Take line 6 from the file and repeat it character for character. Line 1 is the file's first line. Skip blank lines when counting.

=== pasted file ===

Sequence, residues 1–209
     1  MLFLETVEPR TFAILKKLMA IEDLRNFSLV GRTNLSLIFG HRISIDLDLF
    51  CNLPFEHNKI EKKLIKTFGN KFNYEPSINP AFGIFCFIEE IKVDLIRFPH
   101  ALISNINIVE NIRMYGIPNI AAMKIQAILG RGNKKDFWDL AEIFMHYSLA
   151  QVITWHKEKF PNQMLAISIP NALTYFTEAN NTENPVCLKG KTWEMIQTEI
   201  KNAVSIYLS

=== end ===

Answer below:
   201  KNAVSIYLS